Cover Notes is a new series I’ll be running every Monday. Rather than focusing on covers of books I’ve read, I’ll be writing about books I’ve never read and recording my first impressions of their covers. Each book will also have an Embarrassment Factor of between zero & five, with zero meaning “a totally awesome cover I want to write fan mail about” and five meaning “I’m ashamed to be seen with this in public.”
Today’s Cover Notes post is a little different–I was busy over the weekend, and didn’t spend much time at the bookstore. So this post is based on a cover randomly picked from the “Inspired From Your Browsing History” section on the front page of Amazon.
Things I love about the cover: The colors. They’re so bold and strong without being garish and I love the way the stripes play off each other, and the starry background. I also love how plain and unassuming the title font is–it doesn’t take away from the claymation style illustration at all, but actually almost enhances it. And the curl of the dragon’s tail! So adorable! Perhaps best of all, though, is the way both dragon and child seem to be realizing they can trust each other…
Things I’m not so hot on: The stars may be a teensy bit too big, but I’m actually not sure about that. I’m hesitant to pick at this cover at all–it’s very whimsical and kid-like, and the kind of art I’d actually love to hang above my desk.
What I think it’s about: Hard call! Based on the “50 years in print” sticker, this is probably a classic, though I’m kind of behind on American classics! Anyway, I’m guessing it’s a collection of fairy tales loosely based on some existing fairy tales. The story is probably tied together by the boy’s search for something–perhaps something tangible, but something emotional, too. I don’t get a sense of specifics from this one at all, though.
Cover art by: Ruth Chrisman Gannett
Embarrassment factor: 0. I have no problem being seen with very kid-like books in public. I once had a little girl run up and tell me she loved the Katie Kazoo I was reading; another once asked me if I was really reading Where the Mountain Meets the Moon, just like she was. (And yes, I was–it’s one of my favorite books.)
The Jacket Blurb
My Father’s Dragon–a favorite of young readers since the 1940s and a Newbery honor book–captures the nonsensical logic of childhood in an amusingly deadpan fashion. The story begins when Elmer Elevator (the narrator’s father as a boy) runs away with an old alley cat to rescue a flying baby dragon being exploited on a faraway island. With the help of two dozen pink lollipops, rubber bands, chewing gum, and a fine-toothed comb, Elmer disarms the fiercest of beasts on Wild Island. The quirky, comical adventure ends with a heroic denouement: the freeing of the dragon. Abundant black-and-white lithographs by Ruth Chrisman Gannett (the author’s stepmother) add an evocative, lighthearted mood to an already enchanting story. Author Ruth Stiles Gannett’s stand-alone sequel, Elmer and the Dragon, and her third volume, The Dragons of Blueland both received starred reviews in School Library Journal and are as fresh and original as her first. (Ages 4 to 8)–Amazon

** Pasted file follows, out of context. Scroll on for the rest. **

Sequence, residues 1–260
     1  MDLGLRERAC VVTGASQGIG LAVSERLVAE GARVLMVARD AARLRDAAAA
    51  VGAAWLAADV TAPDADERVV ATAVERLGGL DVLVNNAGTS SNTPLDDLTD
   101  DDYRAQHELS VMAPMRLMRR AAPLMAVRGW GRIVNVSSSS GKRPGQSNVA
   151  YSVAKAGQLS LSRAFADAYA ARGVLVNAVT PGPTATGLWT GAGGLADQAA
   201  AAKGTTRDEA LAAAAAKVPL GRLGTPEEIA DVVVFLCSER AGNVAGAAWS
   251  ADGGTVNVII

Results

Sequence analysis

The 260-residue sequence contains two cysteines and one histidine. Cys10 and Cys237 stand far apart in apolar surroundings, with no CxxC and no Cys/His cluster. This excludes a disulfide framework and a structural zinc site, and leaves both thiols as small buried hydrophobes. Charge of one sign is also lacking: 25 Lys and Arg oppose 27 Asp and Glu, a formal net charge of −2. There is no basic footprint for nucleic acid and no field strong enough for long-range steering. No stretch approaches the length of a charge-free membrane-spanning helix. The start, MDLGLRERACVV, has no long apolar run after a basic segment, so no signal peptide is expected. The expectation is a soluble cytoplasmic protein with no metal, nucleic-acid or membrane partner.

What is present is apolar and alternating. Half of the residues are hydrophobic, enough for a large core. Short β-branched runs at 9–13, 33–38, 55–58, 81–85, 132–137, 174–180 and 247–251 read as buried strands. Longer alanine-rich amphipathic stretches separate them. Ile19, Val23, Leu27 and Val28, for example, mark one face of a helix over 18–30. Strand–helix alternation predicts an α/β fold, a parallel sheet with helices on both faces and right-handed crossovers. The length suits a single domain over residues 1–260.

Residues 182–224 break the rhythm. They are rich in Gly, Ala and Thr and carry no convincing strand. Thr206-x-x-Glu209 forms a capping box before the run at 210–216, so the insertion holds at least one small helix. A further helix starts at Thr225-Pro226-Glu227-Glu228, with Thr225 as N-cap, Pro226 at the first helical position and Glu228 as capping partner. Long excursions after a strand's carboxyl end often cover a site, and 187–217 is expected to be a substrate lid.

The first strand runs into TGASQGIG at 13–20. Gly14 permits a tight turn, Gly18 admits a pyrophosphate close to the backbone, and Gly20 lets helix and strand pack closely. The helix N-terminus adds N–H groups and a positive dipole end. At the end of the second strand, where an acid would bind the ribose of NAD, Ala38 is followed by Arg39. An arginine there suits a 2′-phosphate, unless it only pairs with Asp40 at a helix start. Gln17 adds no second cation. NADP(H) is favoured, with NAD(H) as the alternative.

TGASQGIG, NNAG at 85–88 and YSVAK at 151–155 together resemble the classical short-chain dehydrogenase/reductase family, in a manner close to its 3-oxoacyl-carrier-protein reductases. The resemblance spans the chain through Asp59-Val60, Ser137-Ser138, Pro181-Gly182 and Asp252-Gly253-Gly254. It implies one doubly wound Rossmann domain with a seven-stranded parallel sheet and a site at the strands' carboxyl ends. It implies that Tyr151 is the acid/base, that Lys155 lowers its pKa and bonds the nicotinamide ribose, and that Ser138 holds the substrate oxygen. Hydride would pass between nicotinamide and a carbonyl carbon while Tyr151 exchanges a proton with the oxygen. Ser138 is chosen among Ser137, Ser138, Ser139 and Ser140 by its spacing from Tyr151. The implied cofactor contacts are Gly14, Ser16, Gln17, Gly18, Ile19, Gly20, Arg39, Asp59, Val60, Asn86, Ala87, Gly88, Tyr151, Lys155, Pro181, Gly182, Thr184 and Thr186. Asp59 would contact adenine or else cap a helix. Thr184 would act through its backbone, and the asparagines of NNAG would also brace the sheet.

Overall: So, so wrong! Well, half wrong. I did get boy and dragon and searching, sort of. It sounds like an absolutely enchanting book, though, and one we might start reading at bed time.
Have you read Three Tales of My Father’s Dragon?Read More
Carolyn Hennesy’s Pandora series is like Kim Possible–in Ancient Greece. It’s fun. It’s a little flirty. It’s original. It’s kind of educational. It’s also not exactly accurate…
Mythology is one of my passions. In high school, I devoured everything that could possibly have had “gods” splashed across the cover. And I still love it, though I’m especially partial to The Greek Stuff: I read both Bulfinch’s and Edith Hamilton to Mir when he was a baby baby (as opposed to the Giant Mess Monster who will always be my baby kind), interspersed with some Arabian Nights (and Sinbad in particular).
Enter the Pandora series. Generally, the myth-based books I read are modern–Percy Jackson discovers he’s a demigod today, Oliver (The Seven Keys of Balabad) searches for the lost treasure today. (Check out this list over at Read In A Single Sitting for a few great-looking picks.) But Pandora Atheneus Andromaeche Helena–her friends call her Pandy–is not a modern girl. She speaks like a modern girl. She worries like a modern girl. But she’s an Ancient Greek. Here’s the gist:
Pandora Atheneus Andromaeche Helena (“Pandy” for short) lives in Ancient Greece, surrounded by gods, goddesses, heroes, mythical monsters and magical beasts. But, she is your typical, average, run-of-the-mill tween. She has crushes on boys, trouble at school, best friends, fierce enemies, a mother who doesn’t understand and a brother who makes her crazy.
Typical and average, right?
It takes a big school project, the discovery of a box with a terrible secret and the adventure of a lifetime to make her realize just how special, unique and “pan-tastic” she really is!
See the KP similarities?
There are lots of little things we could nitpick about the Pandy series: in the books, she’s Prometheus’ daughter rather than his sister-in-law. She’s unleashed the evils from a box rather than a jar. She has a cell phone magical conch communication device. But here’s the thing: I don’t care because I’m too busy loving these books.